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Wednesday, September 17, 2008

Bungee Jumping

you thought bungee jumping was restricted to some places in Europe, New Zealand and America, it's time you got and update. The sport has finally found a natural home in the highest mountain range in the world. The ultimate thrill of a bungee jump can now be experienced in Nepal at perhaps the best site in the world. Nepal's first bungee jumping site is situated 160m over the wild Bhote Kosi river, and located close to the Nepal-Tibet border, a three-hour bus ride from Kathmandu. As can be arranged on arrival in Kathmandu. As of now, there is only one agency offering this sport. The jump, at 160m, was designed by one of New Zealand's leading bungee consultants, and is operated by some of the most experienced jumpmasters in the business. It's mishap-proof. The agency takes safety "very, very seriously". Ultimate Bungee Nepal takes place on a 166m wide steel suspension bridge over the Bhoti Kosi River, inviting you to experience the ultimate adrenaline rush in the surroundings of this amazing place. Longest Suspensions Bridge in Nepal, the Bridge joins two sides of a great valley. Before its construction, locals walked five hours to cross this river gorge.

Thursday, September 4, 2008

Nepal Wildlife Safari Tour

Nepal is a country of exceptional biodiversity and a beautiful natural environment. The tropical jungles of the Terai preserve some of the best wildlife habitat in the subcontinent. Nepal has 16 national parks, wildlife reserves and conservation areas, occupying 16 percent of its total geographical area.
For those who wish to experience the natural environment at its best there is no better place to visit than Nepal. The outdoor adventure sports into the wilderness to see wild animals, birds and natural beauty. You ride on an elephant's back or on a four wheeler jeep accompanied by a fully trained guide (also known as expert Naturalists) for the love of nature and animals. In Nepal, Chitwan and Bardia are two hot dishes on the menu. Pick Chitwan as this is Nepal's most popular National Park offering excellent opportunity to see Royal Bengal Tigers, One horned Rhino, crocodile and thrilling wilderness experience into its deep and thick jungle. Pick Bardia also, as this is another National Park, which offers excellent jungle safari. Here too you can ride on an elephant or a take four wheel to discover some of Nepal's unspoiled natural habitats. Most jungle safari consists of canoe rides on the jungle rivers, nature walks, birds watching excursions and quick tours around the villages to discover unique culture and traditions of the local village people. There are also scheduled cultural-musical programs performed by the villages, which are also in the Jungle Safari itinerary.Chitwan and Bardia national park have excellent accommodation.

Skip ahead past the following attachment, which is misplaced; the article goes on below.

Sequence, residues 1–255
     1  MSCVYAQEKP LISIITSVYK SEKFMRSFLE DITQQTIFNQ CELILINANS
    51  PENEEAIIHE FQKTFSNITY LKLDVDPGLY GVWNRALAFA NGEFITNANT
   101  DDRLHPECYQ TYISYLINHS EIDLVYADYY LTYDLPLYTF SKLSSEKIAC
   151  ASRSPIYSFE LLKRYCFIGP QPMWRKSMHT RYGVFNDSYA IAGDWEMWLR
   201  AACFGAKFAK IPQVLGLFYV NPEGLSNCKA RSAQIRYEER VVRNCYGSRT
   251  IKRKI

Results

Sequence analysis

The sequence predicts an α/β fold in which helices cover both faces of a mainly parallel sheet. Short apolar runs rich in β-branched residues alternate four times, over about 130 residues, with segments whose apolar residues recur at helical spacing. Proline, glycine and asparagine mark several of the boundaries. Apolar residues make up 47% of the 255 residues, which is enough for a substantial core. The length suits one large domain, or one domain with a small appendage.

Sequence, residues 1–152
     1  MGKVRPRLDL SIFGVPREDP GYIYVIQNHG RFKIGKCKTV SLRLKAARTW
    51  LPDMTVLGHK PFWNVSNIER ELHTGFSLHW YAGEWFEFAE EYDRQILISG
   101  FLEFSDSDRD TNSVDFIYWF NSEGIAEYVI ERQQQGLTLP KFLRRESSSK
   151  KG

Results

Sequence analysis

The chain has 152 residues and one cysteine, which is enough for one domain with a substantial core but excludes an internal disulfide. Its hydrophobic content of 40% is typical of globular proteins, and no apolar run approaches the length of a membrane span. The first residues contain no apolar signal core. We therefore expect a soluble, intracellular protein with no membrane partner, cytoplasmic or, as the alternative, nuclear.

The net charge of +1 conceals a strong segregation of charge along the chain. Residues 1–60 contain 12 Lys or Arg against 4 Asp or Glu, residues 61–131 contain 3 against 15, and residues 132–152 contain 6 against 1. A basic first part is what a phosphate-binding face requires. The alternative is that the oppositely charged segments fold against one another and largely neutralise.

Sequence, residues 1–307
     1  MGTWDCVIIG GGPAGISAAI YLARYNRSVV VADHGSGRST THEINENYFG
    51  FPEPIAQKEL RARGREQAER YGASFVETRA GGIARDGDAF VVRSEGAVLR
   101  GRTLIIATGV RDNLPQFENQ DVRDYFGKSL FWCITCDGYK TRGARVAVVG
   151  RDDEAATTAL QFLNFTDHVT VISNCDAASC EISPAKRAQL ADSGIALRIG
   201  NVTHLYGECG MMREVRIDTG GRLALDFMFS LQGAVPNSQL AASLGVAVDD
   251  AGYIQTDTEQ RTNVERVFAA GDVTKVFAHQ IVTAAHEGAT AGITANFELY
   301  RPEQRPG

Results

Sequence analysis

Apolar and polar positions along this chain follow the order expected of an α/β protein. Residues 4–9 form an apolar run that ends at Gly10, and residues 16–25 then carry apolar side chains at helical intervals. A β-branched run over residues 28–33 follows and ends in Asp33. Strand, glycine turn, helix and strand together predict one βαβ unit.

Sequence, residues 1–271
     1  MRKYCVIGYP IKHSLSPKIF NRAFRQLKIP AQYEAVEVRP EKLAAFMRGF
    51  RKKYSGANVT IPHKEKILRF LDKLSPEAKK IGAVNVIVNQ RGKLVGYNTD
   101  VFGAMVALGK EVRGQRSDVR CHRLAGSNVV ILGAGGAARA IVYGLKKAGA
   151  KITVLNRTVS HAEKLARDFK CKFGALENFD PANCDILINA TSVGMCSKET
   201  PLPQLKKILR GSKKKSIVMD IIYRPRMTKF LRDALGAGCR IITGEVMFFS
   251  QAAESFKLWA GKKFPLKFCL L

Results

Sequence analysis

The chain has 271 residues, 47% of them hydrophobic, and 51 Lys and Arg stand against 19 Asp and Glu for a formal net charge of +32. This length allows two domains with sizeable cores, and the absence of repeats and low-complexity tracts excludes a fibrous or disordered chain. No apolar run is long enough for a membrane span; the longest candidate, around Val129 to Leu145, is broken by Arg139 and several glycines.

Mt. Everest

Mount EverestThe most famous mountain peak in the Himalayas is also the highest of them all -- Mount Everest. It is known by the name of Sagarmatha among the Nepalese and Qomolangma (Chomolangma) in Tibet, meaning goddess-mother.The highest point on earth, Mt Everest rises majestically up to a height of 8,848 m (29,028 ft) above sea level. This is the official figure as recorded by the 1954 Indian Government Survey, although recent surveys have suggested slightly varying figures.